Algorand is our primary network and we have additional algorand based services in our roadmap.  That being said we are looking at other networks to see if there are opportunities to leverage our infrastructure in a way that makes sense.  In general though, we believe in focussing on a small set of networks in going deep on them vs trying to provide a service across many networks.  Each of these networks is unique and requires a lot of knowledge to really understand how they work. You have to really understand these networks well if you want to provide good quality services for them.


Daniel:

My next question would be on the limitations! Is PureStake scalable as it stands currently? How many API calls are you able to process simultaneously?


Tim: 

Good question, as in all things, software - it depends! We have a pool of high performing archival/indexed servers backing each of the TestNet and MainNet ledgers - in front of that we have a caching layer for common items like blocks/transactions - meaning, for some queries we have near infinite capacity, but for others, notably the ones related to the searching functions of the indexer, the capacity is much lower and we are looking at projects to provide the same capacity there. 


Daniel: 

Does that make you remain Decentralized however? Since that is a major point of contention for Ethereum and other permissionless blockchains. 


Derek:

Yeah - this question of decentralization is a good one.  I have seen some of the critical commentary relative to infura and the role it plays for Ethereum.  A few points on this. First, we have gone to great lengths to make sure our API service is compatible with the direct node api and the existing algorand SDKs.  What that means is that you can get started on using our service, but migrate to your own nodes at any time without any need to change anything in your application.  Second, we tend towards pragmatism here at PureStake. It just isn't practical for everyone to run their own highly available node farm even if that might be the best thing from a network decentralization point of view.  The conclusion we reached is that providing this service to help developers start developing applications on Algorand is highly valuable to Algorand as a network at this point. As the network continues to get traction, we expect there will be other API options in the market as well.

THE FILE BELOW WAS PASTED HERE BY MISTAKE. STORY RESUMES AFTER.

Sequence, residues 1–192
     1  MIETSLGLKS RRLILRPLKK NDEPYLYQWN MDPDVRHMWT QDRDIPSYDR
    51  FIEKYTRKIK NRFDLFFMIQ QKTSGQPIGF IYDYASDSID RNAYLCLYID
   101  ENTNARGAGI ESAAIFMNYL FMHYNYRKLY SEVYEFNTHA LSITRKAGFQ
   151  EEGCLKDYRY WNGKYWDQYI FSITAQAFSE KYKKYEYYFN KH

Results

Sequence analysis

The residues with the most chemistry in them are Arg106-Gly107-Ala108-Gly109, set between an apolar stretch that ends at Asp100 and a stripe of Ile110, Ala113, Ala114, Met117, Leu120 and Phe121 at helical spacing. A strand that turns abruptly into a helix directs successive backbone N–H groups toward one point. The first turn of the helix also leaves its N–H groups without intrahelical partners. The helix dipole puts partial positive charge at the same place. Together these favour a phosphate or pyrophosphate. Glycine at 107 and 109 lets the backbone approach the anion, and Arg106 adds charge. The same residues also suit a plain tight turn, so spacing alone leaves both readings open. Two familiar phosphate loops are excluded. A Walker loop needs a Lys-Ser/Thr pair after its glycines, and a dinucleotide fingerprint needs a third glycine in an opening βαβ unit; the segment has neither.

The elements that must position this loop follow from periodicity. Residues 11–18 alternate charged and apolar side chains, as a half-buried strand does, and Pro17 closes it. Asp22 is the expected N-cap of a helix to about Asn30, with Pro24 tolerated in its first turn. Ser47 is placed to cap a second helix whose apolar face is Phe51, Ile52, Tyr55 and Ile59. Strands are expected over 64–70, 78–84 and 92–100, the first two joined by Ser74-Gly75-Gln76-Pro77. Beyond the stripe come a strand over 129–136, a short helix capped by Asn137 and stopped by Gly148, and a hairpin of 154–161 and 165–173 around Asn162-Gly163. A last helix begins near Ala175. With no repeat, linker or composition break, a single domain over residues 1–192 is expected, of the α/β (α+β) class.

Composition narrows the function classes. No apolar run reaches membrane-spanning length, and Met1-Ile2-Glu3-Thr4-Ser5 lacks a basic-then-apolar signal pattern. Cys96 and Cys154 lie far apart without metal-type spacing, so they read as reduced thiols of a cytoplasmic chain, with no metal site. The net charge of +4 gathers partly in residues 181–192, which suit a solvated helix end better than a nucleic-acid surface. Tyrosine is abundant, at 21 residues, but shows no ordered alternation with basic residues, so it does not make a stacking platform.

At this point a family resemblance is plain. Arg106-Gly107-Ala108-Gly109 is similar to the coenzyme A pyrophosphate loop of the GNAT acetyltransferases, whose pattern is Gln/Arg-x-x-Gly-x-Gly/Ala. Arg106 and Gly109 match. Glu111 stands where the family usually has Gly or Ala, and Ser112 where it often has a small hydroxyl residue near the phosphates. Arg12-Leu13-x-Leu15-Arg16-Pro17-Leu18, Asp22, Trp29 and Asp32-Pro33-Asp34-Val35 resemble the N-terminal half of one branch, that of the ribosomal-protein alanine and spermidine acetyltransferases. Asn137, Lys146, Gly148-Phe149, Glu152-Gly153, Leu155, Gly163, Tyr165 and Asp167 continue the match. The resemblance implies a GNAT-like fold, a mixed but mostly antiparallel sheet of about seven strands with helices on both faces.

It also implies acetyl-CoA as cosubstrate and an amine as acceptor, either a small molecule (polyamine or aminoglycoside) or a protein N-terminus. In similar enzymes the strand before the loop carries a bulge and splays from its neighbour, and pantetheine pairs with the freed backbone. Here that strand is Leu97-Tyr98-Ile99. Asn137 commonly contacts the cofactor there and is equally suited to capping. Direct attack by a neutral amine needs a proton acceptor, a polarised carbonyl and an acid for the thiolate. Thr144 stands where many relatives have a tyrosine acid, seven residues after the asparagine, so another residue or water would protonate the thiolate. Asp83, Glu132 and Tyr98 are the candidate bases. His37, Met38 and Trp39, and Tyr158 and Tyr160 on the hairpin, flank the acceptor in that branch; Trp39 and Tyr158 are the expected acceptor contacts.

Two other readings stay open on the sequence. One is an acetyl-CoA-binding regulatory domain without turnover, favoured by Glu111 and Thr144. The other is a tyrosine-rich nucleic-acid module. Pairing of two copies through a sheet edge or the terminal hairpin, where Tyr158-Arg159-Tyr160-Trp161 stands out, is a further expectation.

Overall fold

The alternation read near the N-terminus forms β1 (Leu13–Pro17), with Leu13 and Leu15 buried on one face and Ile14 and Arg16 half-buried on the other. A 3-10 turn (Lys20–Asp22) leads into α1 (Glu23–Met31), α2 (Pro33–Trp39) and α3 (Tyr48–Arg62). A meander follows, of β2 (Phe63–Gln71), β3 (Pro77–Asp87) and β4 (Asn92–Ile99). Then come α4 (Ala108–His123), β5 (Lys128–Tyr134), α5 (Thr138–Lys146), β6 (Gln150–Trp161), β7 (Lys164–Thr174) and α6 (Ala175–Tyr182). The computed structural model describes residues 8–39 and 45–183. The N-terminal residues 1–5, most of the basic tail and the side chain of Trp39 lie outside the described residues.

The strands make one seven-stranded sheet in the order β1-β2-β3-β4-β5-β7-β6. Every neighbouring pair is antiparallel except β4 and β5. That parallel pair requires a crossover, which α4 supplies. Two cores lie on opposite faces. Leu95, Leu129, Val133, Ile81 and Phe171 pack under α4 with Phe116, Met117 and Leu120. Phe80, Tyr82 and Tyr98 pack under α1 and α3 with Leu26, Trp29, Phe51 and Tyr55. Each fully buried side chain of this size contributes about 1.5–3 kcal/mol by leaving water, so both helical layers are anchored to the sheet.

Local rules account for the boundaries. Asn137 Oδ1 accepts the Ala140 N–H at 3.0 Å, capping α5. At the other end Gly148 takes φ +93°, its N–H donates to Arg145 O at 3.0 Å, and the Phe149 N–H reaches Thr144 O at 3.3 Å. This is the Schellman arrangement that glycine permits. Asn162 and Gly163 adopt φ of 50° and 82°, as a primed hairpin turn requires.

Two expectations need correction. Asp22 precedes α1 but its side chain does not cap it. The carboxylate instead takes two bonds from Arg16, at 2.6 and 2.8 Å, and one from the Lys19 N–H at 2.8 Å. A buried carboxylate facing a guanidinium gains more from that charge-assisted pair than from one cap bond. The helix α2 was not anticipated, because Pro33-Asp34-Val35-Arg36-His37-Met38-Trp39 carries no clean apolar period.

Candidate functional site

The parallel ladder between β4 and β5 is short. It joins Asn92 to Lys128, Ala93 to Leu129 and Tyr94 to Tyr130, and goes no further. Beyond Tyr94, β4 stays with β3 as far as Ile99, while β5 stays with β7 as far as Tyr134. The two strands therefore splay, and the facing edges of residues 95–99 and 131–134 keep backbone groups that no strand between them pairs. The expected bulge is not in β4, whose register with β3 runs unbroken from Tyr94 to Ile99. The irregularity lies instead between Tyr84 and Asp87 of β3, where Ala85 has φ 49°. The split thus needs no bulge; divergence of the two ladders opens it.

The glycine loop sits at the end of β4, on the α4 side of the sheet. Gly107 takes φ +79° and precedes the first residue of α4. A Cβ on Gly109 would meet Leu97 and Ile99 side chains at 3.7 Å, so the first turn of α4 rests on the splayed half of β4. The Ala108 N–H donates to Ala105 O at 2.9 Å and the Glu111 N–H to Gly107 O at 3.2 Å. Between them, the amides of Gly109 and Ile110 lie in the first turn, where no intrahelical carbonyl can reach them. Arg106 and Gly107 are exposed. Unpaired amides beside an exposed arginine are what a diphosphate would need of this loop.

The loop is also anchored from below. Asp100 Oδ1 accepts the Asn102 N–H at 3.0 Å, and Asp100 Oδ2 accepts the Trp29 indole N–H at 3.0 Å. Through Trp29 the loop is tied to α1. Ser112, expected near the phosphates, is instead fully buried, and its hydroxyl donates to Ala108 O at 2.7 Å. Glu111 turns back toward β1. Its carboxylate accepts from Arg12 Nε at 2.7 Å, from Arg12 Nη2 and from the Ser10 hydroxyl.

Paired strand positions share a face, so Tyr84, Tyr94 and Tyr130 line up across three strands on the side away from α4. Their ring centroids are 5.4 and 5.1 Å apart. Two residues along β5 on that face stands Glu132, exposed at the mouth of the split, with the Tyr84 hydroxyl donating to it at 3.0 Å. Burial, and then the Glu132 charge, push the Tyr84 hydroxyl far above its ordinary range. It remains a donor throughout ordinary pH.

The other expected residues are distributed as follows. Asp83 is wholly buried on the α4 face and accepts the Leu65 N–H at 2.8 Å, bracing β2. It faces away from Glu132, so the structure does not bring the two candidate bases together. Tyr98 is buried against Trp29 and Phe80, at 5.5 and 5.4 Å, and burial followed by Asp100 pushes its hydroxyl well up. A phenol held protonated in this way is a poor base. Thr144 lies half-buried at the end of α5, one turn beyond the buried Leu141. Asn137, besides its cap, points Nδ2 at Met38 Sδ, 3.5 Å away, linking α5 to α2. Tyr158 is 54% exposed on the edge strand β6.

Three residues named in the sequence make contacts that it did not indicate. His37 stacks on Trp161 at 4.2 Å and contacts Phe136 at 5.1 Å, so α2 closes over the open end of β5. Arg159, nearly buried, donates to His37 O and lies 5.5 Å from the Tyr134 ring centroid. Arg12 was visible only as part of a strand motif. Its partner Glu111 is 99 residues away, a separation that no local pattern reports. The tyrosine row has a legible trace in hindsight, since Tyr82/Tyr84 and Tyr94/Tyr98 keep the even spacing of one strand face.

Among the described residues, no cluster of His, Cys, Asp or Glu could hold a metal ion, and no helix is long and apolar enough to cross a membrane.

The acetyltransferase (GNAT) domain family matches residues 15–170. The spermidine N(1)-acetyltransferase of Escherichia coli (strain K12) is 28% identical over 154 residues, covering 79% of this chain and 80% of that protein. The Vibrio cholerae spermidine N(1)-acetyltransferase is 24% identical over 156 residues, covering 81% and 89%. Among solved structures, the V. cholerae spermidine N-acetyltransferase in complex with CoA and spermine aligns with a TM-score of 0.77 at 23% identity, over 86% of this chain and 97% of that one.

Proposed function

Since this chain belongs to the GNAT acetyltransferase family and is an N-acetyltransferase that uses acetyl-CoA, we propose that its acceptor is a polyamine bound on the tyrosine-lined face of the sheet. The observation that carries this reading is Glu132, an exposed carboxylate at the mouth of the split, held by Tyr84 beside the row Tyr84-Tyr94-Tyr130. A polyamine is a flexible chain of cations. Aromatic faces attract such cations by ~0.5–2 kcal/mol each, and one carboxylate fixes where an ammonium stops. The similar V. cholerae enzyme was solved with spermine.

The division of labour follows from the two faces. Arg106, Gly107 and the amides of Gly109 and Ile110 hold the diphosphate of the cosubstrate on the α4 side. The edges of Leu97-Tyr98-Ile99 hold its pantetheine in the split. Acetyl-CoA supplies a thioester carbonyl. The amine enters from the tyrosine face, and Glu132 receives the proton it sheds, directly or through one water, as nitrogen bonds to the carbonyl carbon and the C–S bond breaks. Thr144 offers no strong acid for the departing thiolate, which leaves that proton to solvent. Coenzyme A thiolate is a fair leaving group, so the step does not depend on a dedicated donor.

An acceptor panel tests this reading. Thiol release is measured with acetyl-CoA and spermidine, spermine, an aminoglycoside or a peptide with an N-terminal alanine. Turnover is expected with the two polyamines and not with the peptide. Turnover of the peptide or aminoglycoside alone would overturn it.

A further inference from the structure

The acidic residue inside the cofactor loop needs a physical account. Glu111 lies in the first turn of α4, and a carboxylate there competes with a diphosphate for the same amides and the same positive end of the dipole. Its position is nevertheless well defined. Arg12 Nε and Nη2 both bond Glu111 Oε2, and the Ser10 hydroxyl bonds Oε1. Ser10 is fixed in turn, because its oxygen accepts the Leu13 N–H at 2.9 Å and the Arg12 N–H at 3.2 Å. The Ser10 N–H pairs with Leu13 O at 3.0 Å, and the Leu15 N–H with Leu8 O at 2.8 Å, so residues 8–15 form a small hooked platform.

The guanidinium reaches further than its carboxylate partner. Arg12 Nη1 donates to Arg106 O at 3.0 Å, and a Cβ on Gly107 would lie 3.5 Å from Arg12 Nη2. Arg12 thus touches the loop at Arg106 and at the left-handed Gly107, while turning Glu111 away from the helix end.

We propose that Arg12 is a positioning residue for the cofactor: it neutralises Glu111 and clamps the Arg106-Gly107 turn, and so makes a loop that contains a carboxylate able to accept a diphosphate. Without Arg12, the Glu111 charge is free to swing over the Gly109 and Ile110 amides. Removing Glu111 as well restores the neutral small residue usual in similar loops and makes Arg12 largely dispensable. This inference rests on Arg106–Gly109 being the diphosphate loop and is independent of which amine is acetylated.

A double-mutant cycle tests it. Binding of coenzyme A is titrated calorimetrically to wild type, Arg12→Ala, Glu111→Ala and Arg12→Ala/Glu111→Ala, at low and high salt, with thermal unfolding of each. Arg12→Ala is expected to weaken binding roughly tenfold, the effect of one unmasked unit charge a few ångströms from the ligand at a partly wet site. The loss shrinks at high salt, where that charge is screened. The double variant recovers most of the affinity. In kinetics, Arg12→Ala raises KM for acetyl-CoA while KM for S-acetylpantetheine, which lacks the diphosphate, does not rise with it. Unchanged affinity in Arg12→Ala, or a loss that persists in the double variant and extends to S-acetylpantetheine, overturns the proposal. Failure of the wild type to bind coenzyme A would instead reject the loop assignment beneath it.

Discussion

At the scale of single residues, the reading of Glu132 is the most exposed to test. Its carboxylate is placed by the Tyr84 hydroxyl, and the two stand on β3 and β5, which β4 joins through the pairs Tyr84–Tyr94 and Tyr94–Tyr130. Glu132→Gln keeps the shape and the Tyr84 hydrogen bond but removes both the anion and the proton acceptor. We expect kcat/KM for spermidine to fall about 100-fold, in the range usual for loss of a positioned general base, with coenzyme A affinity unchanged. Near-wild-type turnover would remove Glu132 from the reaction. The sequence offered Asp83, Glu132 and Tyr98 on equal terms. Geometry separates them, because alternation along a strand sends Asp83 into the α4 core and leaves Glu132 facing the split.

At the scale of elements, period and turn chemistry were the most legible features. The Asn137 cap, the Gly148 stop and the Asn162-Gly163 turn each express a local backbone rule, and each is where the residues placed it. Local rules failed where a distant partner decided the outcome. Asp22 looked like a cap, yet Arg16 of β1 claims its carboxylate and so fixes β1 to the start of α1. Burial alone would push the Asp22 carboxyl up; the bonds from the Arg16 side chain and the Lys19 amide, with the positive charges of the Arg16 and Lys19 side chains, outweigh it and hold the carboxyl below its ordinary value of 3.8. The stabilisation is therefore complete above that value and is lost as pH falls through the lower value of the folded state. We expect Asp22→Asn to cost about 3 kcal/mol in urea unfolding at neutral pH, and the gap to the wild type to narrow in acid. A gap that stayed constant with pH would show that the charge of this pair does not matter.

Daniel:

I would like to know if Algorand lets you do some kind of scripting. Specifically I would like to know if it would be theoretically possible to implement hash time locks of simple puzzle challenges (like the simple RSA based in Tumblebit).


Tim: 

Today, the API we provide is backed directly by the functions of the Algorand software - although as mentioned in a few cases we are looking to supplement those functions to provide faster access or additional information - from the standpoint of scripted functionality in the Algorand software, today there is not, but I know there are some exciting things coming down the pipeline, but perhaps @Daniel would do a better job discussing


Daniel:

My last question before we switch to community round would be on the security of your API service. Doesn't using PureStake create a single point of failure for the apps?


Tim:

For the API, since it fairly new service and the load to date hasn’t stressed the deployed infra at all, we are in a single region, spread out over multiple AZ (zones) - with an emergency DR failover site in another region - we do have a great deal of experience running in multiple regions and cloud providers and it is on our roadmap to provide a second API site in another region (preferably on another continent) to split the traffic when the demand is there


Derek: 

For our infrastructure in general we take a multi AZ, multicloud approach across AWS, Azure, and Google.  The devops tooling has come such a long way from where it was even a few years ago. We have a Terraform / Ansible automation stack that can be used to drive infrastructure into all three environments.  For our dedicated node as a service offerings we are in all three. For our API service we are currently multi-AZ but only in AWS. We plan to expand the API service to other clouds, but will do that as we see increased utilization / load on the API.